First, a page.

Mayor of Bluesville

Doug Hart Band blueses Trolley Stop

Doug Hart controlling his stratocaster

By Tim Smith

I’m continually amazed at the wealth of musical talent in the Dayton area. Some bands have a solid local following, but many have found fame outside of their comfort zone. One such example is the Doug Hart Band. They’ll be appearing at The Trolley Stop on Feb. 23.

Guitarist, singer, and songwriter, Doug Hart, has been entertaining Dayton area audiences for nearly twenty years. He and his band mix original material with favorite blues and rock standards. Hart notes that it often takes time to get the right combination of musical talent.

“Over the last twenty years, there have been several members come and go,” he says. “Some for long periods and some for short. The current lineup is Marty Romie on bass and Rob Adamson on drums, along with me. We’ve been together since May of 2017. The blues community in our town is like a close-knit family. We all know each other and have shared the stage at some point. I’ve known Marty and Rob for many years.”

The Doug Hart Band has put together an impressive resume of award-winning performances. These include the 2014 International Blues Challenge (semifinalist), 2013 Dayton Blues Society Challenge (winners), 2014 Black Swamp Blues Society Challenge (winners), and several close second finishes in Cincinnati, Columbus, and Dayton challenges. They were voted Dayton’s Best Blues Band three times and are currently working on a follow-up to their 2005 album “Reckless Life.”

“There have been some great memories and highlights,” Hart says. “Getting the opportunity to play at Buddy Guy’s Legends in Chicago, B.B. King’s on Beale St. in Memphis, and some of the big festivals has been amazing. Most recently, getting to put together and play the final show at Gilly’s in Dayton was an honor.”

Although the band plays at a variety of venues and events outside of the area, Hart still regards Dayton as their home base.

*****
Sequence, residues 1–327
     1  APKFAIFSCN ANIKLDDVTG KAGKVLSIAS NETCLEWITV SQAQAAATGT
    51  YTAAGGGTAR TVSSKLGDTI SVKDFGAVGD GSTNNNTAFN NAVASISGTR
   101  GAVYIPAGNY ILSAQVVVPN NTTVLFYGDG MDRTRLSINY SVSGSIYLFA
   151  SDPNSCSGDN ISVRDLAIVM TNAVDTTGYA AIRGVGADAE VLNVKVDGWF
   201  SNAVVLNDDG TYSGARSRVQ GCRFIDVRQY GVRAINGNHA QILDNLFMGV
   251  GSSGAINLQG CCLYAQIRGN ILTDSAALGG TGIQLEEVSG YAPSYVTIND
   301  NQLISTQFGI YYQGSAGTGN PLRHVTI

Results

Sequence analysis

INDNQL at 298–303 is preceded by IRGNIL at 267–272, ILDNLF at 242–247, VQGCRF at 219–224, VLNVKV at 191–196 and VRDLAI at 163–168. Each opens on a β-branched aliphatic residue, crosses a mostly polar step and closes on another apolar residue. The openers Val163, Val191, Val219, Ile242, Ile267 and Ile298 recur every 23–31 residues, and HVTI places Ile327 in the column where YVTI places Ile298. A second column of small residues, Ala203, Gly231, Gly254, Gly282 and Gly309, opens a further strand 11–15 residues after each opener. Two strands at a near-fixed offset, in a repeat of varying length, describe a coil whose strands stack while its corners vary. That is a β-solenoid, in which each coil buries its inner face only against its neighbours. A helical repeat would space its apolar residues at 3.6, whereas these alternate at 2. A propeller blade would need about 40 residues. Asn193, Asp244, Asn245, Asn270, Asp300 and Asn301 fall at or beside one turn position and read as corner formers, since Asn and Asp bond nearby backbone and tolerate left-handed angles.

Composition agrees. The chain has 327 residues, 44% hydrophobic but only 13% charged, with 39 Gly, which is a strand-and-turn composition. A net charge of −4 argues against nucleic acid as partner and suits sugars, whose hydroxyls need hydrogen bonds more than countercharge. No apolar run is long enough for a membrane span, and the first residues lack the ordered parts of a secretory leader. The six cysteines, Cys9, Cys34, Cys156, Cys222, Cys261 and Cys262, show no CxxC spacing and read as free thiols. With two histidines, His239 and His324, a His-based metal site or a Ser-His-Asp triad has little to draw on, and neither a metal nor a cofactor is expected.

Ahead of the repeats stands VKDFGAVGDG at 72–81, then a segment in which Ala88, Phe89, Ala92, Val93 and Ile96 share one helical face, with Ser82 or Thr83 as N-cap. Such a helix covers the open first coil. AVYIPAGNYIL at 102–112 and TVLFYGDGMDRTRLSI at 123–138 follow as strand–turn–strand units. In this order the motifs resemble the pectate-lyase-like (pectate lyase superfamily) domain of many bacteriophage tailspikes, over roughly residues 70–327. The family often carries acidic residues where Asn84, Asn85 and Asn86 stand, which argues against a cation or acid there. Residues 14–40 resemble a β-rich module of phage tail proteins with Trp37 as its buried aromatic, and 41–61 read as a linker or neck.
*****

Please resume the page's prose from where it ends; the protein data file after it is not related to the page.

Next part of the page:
“I would say that Dayton’s Oregon District would be considered ground zero, if any,” he says. “There are three venues that I’ve had relationships with for many years—The Trolley Stop, Tumbleweed Connection, and Oregon Express. I consider all three of them home. I think we just love to play, regardless of where. I will say, however, that I look forward to some clubs more than others, but always look forward to playing festivals.”

After working together as a group for so long, the band has their routine pretty well set when they take the stage. Through experience, they also have an idea of what their fans want to hear.

“I mix 8-12 original songs with covers,” Hart says. “We play 30-40 songs at a typical bar gig and 10-15 at a festival or multi-band event. There’s a song from the “Reckless Life” album called “Riverside” that is popular with our audience. We get a lot of requests for The Allman Brothers, Led Zeppelin, Stevie Ray Vaughan, and Jimi Hendrix. At a bar show, I always have a list of songs at my feet. I just call the songs based on how I feel at the time or what I think the audience will like. When we do festivals, I make a set list. We generally stick to it, but have to add or subtract a song or two based on time constraints.”

Hart seems to have found success and personal satisfaction in a business that’s known for leaving its share of casualties along the side of the road.

“There is a feeling I get from playing music that I don’t get from anything else,” he says. “I fully appreciate that it is a privilege to be able to not only play, but play for money in front of an audience. When I’m on a stage, pouring my heart out and I’m able to connect with an audience, that’s when something special happens. It validates that all the hard work I’ve put into creating something is being accepted by the ones that I’m sharing it with. That’s why we buy thousands of dollars’ worth of gear, drive several miles in a beat-up car to play a show for less than we deserve, get four hours of sleep, go to our day job, and then do it all over again.”

Hart cites several sources that influenced his style, and framed his approach to performing the music he loves.

“When I first started playing, I wanted to be like Eddie Van Halen,” he says. “As I got older, I started listening to different music. I got hooked on Led Zeppelin and Jimi Hendrix. Hearing Stevie Ray Vaughan changed everything. That’s when I dove into the blues. At the end of the day, I just want my music to reach out and touch people in whatever way they see fit. As long as I can do that on my terms and make a living, then I will consider myself a success.”

Hart and his group hope that their audiences leave with not only an appreciation of the music they’ve heard, but for local talent in general.

“I would just like to urge everyone to support live, local music,” he says. “There is some really good stuff in Dayton, Ohio. There are amazing people making it. Even if you’ve never heard of an act, give it a chance. You might be surprised. I think that experiencing something new is a good thing.”

The Doug Hart Band will perform at The Trolley Stop, 530 E. Fifth St., Dayton on Feb. 23 at 9:30 p.m. For more info, call 937.461.1101 or visit More information about the Doug Hart Band can be found at

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Tim Smith is an award-winning, bestselling author. Reach DCP freelance writer Tim Smith at

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